Okay, let’s unpack it a bit more so I can understand because I am also the youngest child. So maybe some of this will resonate with me. Do you mean like, because everyone else in the family has already done everything, nothing that you do seems that exciting?

Owen Keehnen  05:17

No, I mean it like, if you’re the youngest, you’re seen whether you like it or not, in comparison to those who came before you. So it’s like, your brother was good at sports, you be good at sports, your brother was good at math, you should be good at math. So it’s more a matter of needing to establish your own work independent of whatever people are seeing you through. If that makes any sense. Like I didn’t want to be seen through the filter of my siblings, I didn’t want to be known because of them, you know, in establishing your own identity, especially for me, because that was very quiet and very introverted, was a big challenge. You know, especially if you’re shy like that, too. You know, because

K Anderson  06:08

it’s easy to sort of just fade into the background, kind of,

Owen Keehnen  06:12

and actually, you know, there was a lot of times where I was very comfortable with that truthfully, so.

K Anderson  06:18

Yeah, yeah.

Owen Keehnen  06:20

It’s kind of a superpower at times to be invisible. Yeah, yeah,

K Anderson  06:24

I get that. Yes.

Owen Keehnen  06:25

It’s a superpower and a super hindrance. At the same time.

K Anderson  06:29

Oh, a super hindrance. Like all superpowers are, I guess. And so then, had you just been laying low in high school and then in college, or had you like, experimented or tried to push the boundaries and figure out who you were?

Owen Keehnen  06:45

Oh, god. Yeah, yeah. Yeah, yeah. Yeah, there were no boundaries. It was. I was very much like, active, especially in college and through all that, and I also in college fell in love. And that made a big difference to, you know, young loves a weird thing. It was for me, because I think I romanticised a lot of times, things that weren’t love. But at the same time, there’s the instances of love where you’re like, oh, okay, that’s what that was. It’s more like, as I get older, I’m kind of redefining it, I guess. Oh,

K Anderson  07:21

so what’s your current definition

Owen Keehnen  07:23

of love with with my husband, it’s somebody who I feel completely safe with, like, the world can be so crazy if there’s somebody you know, who’s just like, always supportive, always on your side, even with disagreements being supportive. You know, when I was when I was younger, I mean, it’s your young version of love. So you’re like, a stripper with a drug addict? Sign me up. You know, it was it was like, I wanted hot, I wanted flashy, I wanted drama.

K Anderson  07:55

There is something when you’re young care about your own validation being wrapped up in what your idea of love is, right? Like, if I can find love, then I am worthy, rather than I am worthy. And then love comes from that.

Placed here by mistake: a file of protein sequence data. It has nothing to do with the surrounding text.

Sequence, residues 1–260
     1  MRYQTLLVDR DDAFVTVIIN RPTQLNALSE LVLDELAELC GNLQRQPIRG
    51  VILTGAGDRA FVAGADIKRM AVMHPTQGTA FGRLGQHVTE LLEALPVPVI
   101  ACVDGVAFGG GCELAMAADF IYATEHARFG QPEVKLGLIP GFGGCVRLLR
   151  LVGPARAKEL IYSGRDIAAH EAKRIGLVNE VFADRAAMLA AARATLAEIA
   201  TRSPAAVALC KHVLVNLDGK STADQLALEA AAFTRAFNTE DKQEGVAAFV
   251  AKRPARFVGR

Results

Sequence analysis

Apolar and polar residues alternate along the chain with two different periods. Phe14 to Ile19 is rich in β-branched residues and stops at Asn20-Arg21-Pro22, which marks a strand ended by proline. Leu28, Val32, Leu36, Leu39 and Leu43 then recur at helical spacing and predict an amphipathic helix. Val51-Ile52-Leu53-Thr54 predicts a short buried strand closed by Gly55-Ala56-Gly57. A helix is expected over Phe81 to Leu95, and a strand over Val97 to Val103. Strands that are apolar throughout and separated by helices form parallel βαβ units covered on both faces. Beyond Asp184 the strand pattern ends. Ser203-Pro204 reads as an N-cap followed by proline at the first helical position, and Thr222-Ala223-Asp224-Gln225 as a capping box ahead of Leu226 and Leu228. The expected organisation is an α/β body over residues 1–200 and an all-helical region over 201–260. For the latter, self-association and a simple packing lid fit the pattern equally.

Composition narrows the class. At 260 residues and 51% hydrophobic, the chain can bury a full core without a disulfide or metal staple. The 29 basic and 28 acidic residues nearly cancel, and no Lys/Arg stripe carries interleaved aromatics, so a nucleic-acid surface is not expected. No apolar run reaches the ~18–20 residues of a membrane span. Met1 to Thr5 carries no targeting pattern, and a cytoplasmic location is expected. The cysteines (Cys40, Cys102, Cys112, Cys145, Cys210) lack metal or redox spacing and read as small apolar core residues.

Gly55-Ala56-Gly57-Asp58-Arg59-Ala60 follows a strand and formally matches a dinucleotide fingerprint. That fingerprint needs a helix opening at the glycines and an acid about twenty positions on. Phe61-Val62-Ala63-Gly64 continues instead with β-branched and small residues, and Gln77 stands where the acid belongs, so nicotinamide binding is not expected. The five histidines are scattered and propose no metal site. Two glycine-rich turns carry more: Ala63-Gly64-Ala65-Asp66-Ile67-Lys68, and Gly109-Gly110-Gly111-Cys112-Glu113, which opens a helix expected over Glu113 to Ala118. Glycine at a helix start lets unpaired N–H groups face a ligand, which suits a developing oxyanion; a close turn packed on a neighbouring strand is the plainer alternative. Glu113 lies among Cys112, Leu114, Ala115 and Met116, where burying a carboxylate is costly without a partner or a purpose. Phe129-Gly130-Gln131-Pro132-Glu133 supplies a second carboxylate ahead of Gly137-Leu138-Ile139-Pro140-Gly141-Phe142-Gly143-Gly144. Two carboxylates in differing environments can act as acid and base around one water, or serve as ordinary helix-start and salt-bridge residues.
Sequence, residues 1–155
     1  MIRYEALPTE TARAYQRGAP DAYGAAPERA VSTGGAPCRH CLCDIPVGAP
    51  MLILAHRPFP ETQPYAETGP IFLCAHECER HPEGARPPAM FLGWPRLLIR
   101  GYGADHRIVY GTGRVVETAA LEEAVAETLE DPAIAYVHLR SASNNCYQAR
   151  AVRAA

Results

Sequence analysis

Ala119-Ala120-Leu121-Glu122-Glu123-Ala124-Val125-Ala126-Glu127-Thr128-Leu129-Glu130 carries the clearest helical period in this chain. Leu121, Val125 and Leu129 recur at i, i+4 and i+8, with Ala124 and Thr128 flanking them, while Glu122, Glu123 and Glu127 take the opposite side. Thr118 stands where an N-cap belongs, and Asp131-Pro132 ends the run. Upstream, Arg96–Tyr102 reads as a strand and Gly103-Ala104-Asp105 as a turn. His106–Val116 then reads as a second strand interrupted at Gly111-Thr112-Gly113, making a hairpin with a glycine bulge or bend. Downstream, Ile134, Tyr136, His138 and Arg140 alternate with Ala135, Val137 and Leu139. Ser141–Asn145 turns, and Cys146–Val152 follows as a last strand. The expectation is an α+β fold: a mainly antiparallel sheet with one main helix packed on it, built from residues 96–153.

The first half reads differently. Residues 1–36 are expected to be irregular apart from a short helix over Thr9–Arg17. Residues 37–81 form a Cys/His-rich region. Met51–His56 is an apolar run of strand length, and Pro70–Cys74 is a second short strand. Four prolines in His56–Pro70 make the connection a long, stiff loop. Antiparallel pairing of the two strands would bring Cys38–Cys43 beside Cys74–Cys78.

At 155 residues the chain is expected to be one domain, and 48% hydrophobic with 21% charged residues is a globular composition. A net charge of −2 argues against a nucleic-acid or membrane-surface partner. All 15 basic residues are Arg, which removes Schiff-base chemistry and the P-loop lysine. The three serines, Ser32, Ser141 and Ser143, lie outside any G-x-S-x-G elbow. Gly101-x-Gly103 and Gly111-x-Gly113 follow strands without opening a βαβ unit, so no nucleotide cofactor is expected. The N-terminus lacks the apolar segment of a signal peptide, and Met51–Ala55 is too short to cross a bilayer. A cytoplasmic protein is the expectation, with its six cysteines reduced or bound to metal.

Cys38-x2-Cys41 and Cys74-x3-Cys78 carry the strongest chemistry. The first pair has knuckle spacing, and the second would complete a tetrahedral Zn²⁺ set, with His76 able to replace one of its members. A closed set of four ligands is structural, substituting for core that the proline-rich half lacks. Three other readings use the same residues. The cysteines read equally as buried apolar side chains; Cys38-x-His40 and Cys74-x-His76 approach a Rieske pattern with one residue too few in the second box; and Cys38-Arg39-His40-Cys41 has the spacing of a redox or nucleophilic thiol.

Owen Keehnen  08:11

The only thing I have to say is that my version of love was that it was always very dramatic. It was always like, operatic it was always, you know, and I tell you, the older I’ve got, it’s like the opposite. I mean, love is like the even keel. Not the blips. It really is. It’s that stability that especially a lot of people like myself need because because of

K Anderson  08:39

the world, I guess. Oh, man. So tell me about this stripper with a drug habit? Was that just I’m

Owen Keehnen  08:45

just kidding. I’m just kidding. I mean, it was that sort of, I wanted excitement. I wanted excitement. Like the last thing I wanted to do was have something you know, quiet and stable.

K Anderson  09:00

And so what was this relationship then in university was that of the more dramatic variety,

Owen Keehnen  09:06

it was dramatic, but it was dramatic in a different way. That was dramatic in the tortured writers Bohemians School of we’re in love and we’re going to move to San Francisco and live in a commune. That version of drama.

K Anderson  09:22

I’m so Did you agree that on like the second date?

Owen Keehnen  09:25

No, I was serious. That had been a dream of mine. Before I had met Kevin my actual dream to start off with this. I really wanted to be part of the factory. Oh, okay with Andy Ward, like that scene. But of course, you know, it was like, all of that wasn’t around, but like that was sort of what dazzled me. But the thought of like, just sort of living in a big gay commune in San Francisco. Sign me up. And then that’s right, when sort of AIDS happened truthfully. You know, it was like seeing that whole dream sort of crumble. You know what I mean? I mean, if you thought of moving to San Francisco at that time, it just became just something very different than it was even two or three years before.